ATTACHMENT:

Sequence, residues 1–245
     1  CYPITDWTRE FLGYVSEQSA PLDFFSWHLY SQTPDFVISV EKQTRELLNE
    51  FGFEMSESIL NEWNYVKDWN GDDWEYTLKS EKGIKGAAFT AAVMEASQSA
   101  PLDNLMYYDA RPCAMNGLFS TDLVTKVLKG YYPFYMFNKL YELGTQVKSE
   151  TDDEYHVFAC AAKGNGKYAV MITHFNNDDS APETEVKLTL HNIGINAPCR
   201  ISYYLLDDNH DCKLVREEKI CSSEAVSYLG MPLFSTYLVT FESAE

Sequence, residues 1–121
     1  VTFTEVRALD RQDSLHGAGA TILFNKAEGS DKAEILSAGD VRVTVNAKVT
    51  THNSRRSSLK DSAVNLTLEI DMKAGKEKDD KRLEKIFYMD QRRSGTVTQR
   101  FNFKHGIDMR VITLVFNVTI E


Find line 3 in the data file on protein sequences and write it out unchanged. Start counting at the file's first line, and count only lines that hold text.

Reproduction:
    51  FGFEMSESIL NEWNYVKDWN GDDWEYTLKS EKGIKGAAFT AAVMEASQSA